- When houses of prayer become places of shelter Bruce Clark, Erasmus
- Race, or the last colonial struggle in Latin America Jason McGraw, Age of Revolutions
- Free Trade, Unconditional and Unilateral Don Boudreaux, Cafe Hayek
- Remembering Peter Schramm Ken Masugi, Law & Liberty
Vox, a left-wing publication founded by a fellow Bruin (Ezra Klein), has a pretty good piece up on Puerto Rico’s inability to “gain statehood,” i.e. to become a full-fledged member of the American federation. I say “pretty good” instead of great because the author, Alexia Fernández Campbell, does too much Trump-bashing and not enough focusing on the issue at hand.
Look, I didn’t vote for Trump. I don’t like Trump. But the Left’s infatuation with him is unhealthy, the way the Right’s infatuation with Obama was unhealthy. When Obama was president, I wanted so badly to rely on the right-leaning press for excellent opposition coverage of the Obama administration but, with few exceptions, all I got was garbage. The experience jaded me, and I expect less of the press, so the Left’s inability to look at the Trump administration’s many wrongdoings with clear-eyed sobriety is annoying rather than disheartening.
For instance, Campbell points out many problems facing the pro-statehood faction in Puerto Rico: a century-old racist SCOTUS ruling, the lack of a clearly-defined process for gaining statehood, anti-statehood factions in Puerto Rico, Washington’s lack of interest in adding another state, and Donald Trump being A Very Bad Man. One of these problems doesn’t fit into Puerto Rico’s decades-long campaign to gain statehood. Can you guess which one? Annoying!
At any rate, Campbell misses one of the problems facing pro-statehood factions: Puerto Rico would be a “blue” state (overseas readers: “blue state” means a reliable vote for the Democratic Party). If Puerto Rico really wants to become a member of the American federation, its policymakers would do well to start looking for a “red” state (reliable vote for the Republican Party) lobbying partner.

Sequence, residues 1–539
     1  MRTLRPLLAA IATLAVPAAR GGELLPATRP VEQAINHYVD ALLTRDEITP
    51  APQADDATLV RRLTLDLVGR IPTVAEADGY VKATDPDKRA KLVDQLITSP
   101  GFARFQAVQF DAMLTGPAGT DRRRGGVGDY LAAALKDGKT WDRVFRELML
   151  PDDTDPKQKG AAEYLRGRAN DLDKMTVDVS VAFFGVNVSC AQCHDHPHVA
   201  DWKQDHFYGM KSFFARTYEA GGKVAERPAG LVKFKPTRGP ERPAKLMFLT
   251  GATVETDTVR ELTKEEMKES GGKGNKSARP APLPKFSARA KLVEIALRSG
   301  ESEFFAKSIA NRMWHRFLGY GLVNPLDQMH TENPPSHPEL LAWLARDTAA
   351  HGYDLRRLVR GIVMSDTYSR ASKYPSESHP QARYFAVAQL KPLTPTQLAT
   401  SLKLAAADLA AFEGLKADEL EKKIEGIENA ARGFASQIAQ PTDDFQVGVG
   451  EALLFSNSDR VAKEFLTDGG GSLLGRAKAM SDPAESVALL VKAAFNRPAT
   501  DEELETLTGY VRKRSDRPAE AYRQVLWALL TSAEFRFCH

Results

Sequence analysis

- African-American incomes in mid-century Tom Westland, Decompressing History
- Black American Culture and the Racial Wealth Gap Coleman Hughes, Quillette
- When Black Unemployment Rates Were Equal to White Unemployment Rates… Vincent Geloso, NOL
- My Great-Grandfather, the Nigerian Slave Trader Adaobi Tricia Nwaubani, New Yorker
Folks, I forgot to link to last weekend’s piece at RealClearHistory. It was about World War II internment camps in the US. An excerpt:
As a quick historical reminder, the United States government, under the direct orders of Democratic president Franklin D. Roosevelt, imprisoned hundreds of thousands of Americans and recently immigrated foreigners for the crime of being Japanese or German (the Italians got some flack, too, but less so than the other two), or for having a Japanese or German surname.
The vast majority of these imprisoned people were Japanese or Japanese-American. In fact, the total amount of interred German or German-American prisoners was roughly 11,000, and the number of Italian or Italian-Americans much smaller than that.
Please, read the rest.
I have a new essay up at Liberal Currents in which I respond to the charge that the Enlightenment saw the birth of modern racial theorizing. Thanks go to Adam Gurri for getting me to write it and for him and others at Liberal Currents for giving plenty of comments along the way.
“Race as we understand it—a biological taxonomy that turns physical difference into relations of domination—is a product of the Enlightenment.
In the piece, I take issue with this claim and provide evidence both of racial theorizing predating the Enlightenment and that modern scientific racism did not fully emerge until the 19th century, when it drew less on Enlightenment ideas than on Counter-Enlightenment thought.
In their eagerness to damn the Enlightenment, modern progressives neglect the contribution to racial theorizing of numerous Counter-Enlightenment thinkers from Joseph de Maistre to Thomas Carlyle.